If a chain is only as strong as its weakest link, you need to know where that is. Most people remember to secure against external threats, but what about the security of internal data in your applications?
The standard practice in the industry is to “close all doors”.
This means that you start by prohibiting all (or almost all) actions,
and then gradually grant permissions to users as the need arises. This
philosophy was originally phrased by Saltzer and Schroeder, saying:
Every program and every user of the system should operate using the least set of privileges necessary to complete the job. (The protection of information in computer systems, 1974)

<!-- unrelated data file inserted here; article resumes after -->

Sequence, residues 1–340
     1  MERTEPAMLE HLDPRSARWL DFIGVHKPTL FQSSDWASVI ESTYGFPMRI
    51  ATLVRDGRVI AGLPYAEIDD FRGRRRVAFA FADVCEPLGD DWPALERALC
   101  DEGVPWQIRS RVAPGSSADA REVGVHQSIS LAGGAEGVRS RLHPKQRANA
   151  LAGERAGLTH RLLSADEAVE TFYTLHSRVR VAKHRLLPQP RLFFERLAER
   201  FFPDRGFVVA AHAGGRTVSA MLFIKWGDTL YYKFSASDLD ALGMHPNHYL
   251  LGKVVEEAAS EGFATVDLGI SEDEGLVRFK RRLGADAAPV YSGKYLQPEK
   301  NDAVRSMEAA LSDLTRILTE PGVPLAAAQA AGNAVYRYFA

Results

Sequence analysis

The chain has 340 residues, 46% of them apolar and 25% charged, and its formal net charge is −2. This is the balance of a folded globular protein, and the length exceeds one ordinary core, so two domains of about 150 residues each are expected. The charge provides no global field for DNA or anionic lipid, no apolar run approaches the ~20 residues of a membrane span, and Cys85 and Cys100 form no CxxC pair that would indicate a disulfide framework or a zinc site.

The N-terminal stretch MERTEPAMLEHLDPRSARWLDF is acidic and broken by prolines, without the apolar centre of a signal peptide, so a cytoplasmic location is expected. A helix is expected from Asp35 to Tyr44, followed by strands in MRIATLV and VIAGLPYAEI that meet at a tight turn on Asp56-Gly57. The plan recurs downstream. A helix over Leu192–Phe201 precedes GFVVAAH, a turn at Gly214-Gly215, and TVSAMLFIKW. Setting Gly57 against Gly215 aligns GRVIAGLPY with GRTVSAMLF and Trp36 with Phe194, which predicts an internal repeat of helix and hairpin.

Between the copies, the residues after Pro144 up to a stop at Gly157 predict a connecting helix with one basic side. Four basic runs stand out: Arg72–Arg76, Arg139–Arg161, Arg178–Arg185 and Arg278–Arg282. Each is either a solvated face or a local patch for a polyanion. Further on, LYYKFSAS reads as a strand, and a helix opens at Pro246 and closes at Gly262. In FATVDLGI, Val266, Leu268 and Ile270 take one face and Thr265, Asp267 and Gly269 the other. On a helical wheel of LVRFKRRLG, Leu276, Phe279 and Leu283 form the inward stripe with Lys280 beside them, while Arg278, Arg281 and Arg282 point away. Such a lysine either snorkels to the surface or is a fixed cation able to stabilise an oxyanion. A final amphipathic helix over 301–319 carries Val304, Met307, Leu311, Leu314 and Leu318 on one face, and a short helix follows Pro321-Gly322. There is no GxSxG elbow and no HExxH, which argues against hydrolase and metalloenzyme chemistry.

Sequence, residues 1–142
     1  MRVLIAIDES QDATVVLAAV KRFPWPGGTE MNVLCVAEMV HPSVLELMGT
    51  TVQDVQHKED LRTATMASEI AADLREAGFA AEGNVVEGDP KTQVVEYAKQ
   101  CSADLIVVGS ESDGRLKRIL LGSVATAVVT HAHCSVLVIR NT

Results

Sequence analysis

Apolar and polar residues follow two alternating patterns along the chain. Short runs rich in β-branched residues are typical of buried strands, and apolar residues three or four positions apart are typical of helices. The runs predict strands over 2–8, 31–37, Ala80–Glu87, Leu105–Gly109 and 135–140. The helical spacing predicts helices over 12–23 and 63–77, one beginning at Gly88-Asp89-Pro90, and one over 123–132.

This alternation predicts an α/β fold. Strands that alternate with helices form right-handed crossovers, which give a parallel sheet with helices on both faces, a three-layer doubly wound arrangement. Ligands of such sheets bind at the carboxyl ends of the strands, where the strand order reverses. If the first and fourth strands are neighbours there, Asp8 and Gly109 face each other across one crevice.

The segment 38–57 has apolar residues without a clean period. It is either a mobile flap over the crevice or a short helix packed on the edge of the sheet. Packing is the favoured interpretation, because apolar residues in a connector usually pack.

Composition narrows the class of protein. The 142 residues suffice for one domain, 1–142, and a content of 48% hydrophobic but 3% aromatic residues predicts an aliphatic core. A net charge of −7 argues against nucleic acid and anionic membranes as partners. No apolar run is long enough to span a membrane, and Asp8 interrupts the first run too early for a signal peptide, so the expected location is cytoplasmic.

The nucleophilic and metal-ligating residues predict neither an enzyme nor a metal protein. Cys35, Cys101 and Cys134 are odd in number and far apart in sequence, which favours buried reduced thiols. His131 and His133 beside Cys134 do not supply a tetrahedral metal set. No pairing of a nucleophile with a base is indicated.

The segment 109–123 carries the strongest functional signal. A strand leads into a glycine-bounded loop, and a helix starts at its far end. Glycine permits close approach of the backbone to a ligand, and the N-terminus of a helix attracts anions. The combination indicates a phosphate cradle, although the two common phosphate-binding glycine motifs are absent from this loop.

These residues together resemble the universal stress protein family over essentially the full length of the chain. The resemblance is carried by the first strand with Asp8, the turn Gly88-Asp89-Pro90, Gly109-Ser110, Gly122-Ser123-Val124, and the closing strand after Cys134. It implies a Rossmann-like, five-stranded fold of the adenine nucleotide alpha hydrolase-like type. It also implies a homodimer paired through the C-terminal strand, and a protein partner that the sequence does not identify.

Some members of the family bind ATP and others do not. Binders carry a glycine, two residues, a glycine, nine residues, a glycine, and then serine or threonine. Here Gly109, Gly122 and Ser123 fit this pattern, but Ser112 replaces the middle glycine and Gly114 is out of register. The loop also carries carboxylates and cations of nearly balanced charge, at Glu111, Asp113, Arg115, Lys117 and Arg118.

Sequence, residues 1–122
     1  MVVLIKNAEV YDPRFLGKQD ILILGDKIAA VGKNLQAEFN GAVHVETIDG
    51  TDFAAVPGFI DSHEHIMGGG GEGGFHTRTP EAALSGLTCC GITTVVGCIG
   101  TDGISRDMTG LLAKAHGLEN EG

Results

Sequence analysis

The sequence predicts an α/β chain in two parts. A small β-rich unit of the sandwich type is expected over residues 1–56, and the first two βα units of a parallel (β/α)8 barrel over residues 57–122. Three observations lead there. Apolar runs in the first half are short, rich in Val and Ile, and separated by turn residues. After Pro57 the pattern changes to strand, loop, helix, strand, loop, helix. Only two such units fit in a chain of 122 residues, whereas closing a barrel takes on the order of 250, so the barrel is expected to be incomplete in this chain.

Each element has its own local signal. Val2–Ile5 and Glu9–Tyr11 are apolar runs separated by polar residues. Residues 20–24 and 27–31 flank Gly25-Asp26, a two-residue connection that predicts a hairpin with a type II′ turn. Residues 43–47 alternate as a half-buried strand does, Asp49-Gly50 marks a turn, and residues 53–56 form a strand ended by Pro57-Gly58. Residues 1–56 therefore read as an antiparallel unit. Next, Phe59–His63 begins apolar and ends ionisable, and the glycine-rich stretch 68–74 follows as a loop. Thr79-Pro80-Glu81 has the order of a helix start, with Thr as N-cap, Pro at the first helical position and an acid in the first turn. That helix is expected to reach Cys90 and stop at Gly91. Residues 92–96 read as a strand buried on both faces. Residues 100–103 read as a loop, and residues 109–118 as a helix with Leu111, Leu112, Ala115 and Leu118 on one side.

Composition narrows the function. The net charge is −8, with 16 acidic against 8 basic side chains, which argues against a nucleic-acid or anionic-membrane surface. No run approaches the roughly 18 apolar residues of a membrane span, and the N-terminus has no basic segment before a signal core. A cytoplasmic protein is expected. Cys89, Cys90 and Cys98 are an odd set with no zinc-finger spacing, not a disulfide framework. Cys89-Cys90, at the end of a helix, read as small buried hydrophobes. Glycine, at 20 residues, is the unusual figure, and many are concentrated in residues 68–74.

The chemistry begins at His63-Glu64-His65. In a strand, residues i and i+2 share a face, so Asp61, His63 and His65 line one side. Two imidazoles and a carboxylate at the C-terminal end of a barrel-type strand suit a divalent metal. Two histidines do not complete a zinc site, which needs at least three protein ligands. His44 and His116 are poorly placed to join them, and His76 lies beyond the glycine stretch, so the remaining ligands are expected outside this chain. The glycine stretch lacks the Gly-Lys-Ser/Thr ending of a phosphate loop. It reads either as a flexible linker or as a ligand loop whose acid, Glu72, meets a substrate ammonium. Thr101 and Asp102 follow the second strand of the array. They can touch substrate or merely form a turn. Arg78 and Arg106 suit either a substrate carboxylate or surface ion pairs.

Here are three reasons why you should be following this principle:
1. It’s the industry standard: The current standard for user rights is that users should have the lowest possible set of privileges that will permit them to do their jobs.
2. It’s the easiest way to spot errors: If you leave the doors open, finding errors in the level of access is quite difficult, and these gaps can remain unfilled for a long time. However, if you choose to close these doors, anyone needing access can have it granted easily.
3. You avoid serious repercussions: If you forget to close an important door, you risk a security/confidentiality breach in your system.
The limitation of this policy is often that the systems put in place lack granularity. For an access control system that lets you control everything your users can see and do, check out Visual Guard.